WikiLeaks update: Boston hacker brigade rallies to "Reboot Democracy"

As the WikiLeaks saga marches on, federal investigations creep closer to home. And while the courts still have yet to determine how much whistle blowing is and isn't legal, Boston activists are speaking out -- and coming to the defense of Bradley Manning.

Manning, the US Army private accused of downloading and transferring classified government information to WikiLeaks, attended a party in Boston University's "hacker space" just three months before WikiLeaks published the now-infamous "Collateral Murder" video footage evidencing the US military in killings of Reuters journalists and Iraqi civilians.

Last Wednesday, the founder of the Boston University Information Lab and Design Space [BUILDS], was brought before an Alexandria, Virginia, grand jury to be questioned regarding criminal charges filed against Manning. That local computer scientist, David House - who also helped start the Bradley Manning Support Network - arranged the January 2010 BUILDS event that Manning attended. He's one of several area individuals subpoenaed as part of the WikiLeaks federal grand jury investigation.

Early Wednesday evening, the day of House's scheduled grand-jury session (and, strangely enough, two days after the 40th anniversary of the official publication of the Pentagon Papers), a group of 40 friends, supporters, and activists calling themselves Civic Counsel gathered in Government Center to call attention to the need for whistle-blower protection and a free press in the preservation of democracy.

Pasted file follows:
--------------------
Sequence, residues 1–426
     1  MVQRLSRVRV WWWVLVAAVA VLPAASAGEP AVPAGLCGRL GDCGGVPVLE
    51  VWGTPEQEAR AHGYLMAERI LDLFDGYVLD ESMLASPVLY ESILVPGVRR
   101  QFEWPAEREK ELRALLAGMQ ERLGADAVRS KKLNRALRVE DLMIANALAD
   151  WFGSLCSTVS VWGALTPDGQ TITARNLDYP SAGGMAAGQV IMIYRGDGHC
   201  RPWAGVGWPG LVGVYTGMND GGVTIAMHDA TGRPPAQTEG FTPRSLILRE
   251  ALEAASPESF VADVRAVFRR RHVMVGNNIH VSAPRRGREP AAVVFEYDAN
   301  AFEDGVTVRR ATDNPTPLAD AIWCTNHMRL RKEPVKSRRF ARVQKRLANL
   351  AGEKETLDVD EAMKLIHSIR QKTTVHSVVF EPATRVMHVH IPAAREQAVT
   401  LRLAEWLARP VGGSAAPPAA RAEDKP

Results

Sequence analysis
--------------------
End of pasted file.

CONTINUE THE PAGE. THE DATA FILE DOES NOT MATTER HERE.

Around 6:30 pm, news came out that House had refused to testify, relying on Fifth Amendment protection from self-incrimination - "the right to remain silent." A baby-laden guitarist started a "J-U-S-T-I-C-E" sing-a-long for WikiLeaks, setting the crowd a bit soft. Seventeen-year-old BU Academy student M.C. McGrath - a friend of House and a driving force behind Civic Counsel - passed out vibrantly hand-painted "Reboot Democracy" signs, a message linking the tech-based charges filed against Manning with an over-arching concern for the future of journalism and US politics.

House is fighting the executive branch in a case that promises major implications for the way our government regulates the free flow of information, as well the lives of everyone involved. He's not alone. The day after House's grand-jury appearance, McGrath posted his pledge of alliance on Twitter: "No matter what happens, even if I am targeted, I will keep fighting! Some of us have to take the risk. #wlsup"

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